What is mysticism?

  1. profile image48
    jeannedcposted 6 years ago

    What is mysticism?

    have you had a direct experience of heaven?

  2. Shahid Bukhari profile image61
    Shahid Bukhariposted 6 years ago

    In the generalistic sense, Mysticism is a "Route" ... adopted by certain individuals ... attempting to "reach" Truth, by following their own carved Path, which can be other than ... or parallel to ... a given Religious Path or Discipline.

    Only God knows the Truth, but allegedly, Mystics make it to their Objective ... and in most cases, Miracles are reported in supporting the validity of such saintly Acts of "Traversing" ... which may follow diametrically opposite Paths to Nirvana like states ...

    As regards my having any direct experience of heaven ... I understand you mean, the "Hereafter" ... let me tell you, I have not experienced it so far ... nor am I in any particular hurry to experience the inevitable.

    Because, I ... you ... we ... all have to experience it when the time comes ... that our Experiencing of heaven will not be limited as this physical life ... it will be our "Being" Experiencing, The Truth of Eternity ...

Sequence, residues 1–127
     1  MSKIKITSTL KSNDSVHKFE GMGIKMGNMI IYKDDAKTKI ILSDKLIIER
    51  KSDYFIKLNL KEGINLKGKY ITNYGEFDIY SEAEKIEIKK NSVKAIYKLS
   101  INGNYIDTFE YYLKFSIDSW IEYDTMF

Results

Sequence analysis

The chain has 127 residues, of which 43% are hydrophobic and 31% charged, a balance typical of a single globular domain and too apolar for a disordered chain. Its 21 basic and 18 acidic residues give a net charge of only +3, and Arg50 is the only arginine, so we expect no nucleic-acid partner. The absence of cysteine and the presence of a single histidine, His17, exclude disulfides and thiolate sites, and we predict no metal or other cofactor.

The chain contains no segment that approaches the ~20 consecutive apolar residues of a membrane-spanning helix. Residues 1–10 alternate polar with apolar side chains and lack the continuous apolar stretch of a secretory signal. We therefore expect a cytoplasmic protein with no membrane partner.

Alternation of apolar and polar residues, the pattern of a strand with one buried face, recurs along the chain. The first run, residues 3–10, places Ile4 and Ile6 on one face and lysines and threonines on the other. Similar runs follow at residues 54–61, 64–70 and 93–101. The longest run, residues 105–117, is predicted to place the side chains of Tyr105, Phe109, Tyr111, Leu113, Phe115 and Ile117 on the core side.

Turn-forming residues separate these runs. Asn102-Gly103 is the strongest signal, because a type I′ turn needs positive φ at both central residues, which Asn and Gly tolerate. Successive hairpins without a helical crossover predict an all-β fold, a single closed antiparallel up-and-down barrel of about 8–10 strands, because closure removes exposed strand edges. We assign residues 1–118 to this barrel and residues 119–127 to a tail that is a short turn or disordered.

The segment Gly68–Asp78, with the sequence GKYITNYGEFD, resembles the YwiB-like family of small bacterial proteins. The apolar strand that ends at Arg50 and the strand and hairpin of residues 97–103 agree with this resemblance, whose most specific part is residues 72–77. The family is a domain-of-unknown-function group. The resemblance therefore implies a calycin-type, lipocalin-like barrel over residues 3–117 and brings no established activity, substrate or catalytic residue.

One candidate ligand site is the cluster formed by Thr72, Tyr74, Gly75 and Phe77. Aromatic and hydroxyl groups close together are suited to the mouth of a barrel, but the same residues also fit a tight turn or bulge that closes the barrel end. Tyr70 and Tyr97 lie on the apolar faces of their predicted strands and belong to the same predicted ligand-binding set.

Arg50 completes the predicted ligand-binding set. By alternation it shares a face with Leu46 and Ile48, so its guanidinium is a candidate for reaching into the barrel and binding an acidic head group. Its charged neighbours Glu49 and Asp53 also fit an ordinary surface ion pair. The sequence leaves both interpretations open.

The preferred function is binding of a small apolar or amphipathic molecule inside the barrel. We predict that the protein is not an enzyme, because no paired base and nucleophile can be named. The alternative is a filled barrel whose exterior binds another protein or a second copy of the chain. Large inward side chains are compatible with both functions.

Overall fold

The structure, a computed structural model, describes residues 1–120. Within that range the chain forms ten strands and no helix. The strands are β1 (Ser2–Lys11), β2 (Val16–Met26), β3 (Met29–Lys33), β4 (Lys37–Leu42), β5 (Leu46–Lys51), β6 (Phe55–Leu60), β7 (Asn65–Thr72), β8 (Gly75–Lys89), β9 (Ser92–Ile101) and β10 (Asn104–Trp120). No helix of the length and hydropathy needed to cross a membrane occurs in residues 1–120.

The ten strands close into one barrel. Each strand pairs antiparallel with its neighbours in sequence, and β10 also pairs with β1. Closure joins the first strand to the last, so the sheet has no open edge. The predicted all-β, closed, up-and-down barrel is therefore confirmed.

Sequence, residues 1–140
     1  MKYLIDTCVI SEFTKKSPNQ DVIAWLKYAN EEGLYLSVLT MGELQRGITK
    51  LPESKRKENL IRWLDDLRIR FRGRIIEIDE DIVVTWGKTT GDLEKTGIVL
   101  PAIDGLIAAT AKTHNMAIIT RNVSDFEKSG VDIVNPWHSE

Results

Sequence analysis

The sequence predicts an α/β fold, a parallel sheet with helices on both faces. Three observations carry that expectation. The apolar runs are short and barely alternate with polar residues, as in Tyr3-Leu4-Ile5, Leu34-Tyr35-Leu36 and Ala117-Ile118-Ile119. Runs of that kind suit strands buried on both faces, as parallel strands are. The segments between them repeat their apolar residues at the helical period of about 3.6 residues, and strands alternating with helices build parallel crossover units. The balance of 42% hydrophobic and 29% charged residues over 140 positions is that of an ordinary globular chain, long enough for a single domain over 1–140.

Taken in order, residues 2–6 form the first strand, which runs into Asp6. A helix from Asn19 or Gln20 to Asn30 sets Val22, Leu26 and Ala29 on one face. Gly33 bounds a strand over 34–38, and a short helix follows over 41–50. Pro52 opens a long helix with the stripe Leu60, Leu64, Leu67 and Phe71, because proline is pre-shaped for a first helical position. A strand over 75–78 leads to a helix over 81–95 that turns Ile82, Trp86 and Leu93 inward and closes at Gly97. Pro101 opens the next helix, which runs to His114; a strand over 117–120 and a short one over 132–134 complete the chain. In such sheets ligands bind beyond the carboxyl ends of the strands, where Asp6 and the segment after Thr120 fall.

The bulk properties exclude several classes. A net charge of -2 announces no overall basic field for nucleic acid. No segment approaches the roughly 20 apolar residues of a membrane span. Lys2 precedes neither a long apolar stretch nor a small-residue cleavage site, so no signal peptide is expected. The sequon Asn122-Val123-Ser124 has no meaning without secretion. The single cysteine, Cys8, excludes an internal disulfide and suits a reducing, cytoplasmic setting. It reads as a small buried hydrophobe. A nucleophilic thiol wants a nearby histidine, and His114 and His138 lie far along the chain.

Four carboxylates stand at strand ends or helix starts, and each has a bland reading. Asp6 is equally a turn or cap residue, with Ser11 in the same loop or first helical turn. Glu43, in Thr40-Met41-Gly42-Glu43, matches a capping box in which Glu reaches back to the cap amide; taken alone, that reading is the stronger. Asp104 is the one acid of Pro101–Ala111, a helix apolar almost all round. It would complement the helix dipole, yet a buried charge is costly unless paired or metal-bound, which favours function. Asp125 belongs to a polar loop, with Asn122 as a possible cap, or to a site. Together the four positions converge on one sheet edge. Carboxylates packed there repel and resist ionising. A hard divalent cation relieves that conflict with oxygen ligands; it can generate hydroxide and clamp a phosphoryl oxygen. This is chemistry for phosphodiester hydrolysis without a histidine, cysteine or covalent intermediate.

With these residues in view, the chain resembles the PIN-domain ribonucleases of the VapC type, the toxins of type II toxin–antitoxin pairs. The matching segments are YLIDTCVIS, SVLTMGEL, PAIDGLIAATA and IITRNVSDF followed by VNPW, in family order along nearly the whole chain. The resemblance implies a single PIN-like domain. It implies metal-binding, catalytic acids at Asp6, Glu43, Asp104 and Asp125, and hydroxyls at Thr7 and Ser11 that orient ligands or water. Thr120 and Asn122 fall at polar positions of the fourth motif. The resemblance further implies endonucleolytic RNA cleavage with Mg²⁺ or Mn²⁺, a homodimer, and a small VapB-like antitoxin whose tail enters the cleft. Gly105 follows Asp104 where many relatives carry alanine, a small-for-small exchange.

For our "Being" Is Part of the State, called Eternity.

  3. Freegoldman profile image37
    Freegoldmanposted 6 years ago

    Mysticism (About this sound pronunciation (helpĀ·info); from the Greek ????????, mystikos, an initiate of a mystery religion)[1] is the pursuit of communion with, identity with, or conscious awareness of an ultimate reality, divinity, spiritual truth, or God through direct experience, intuition, instinct or insight. Mysticism usually centers on a practice or practices intended to nurture those experiences or awareness. Mysticism may be dualistic, maintaining a distinction between the self and the divine, or may be nondualistic.

    Religious traditions describe fundamental mystical experience. Enlightenment or Illumination are generic English terms for the phenomenon, derived from the Latin illuminatio (applied to Christian prayer in the 15th century) and adopted in English translations of Buddhist texts, but used loosely to describe the state of mystical attainment regardless of faith.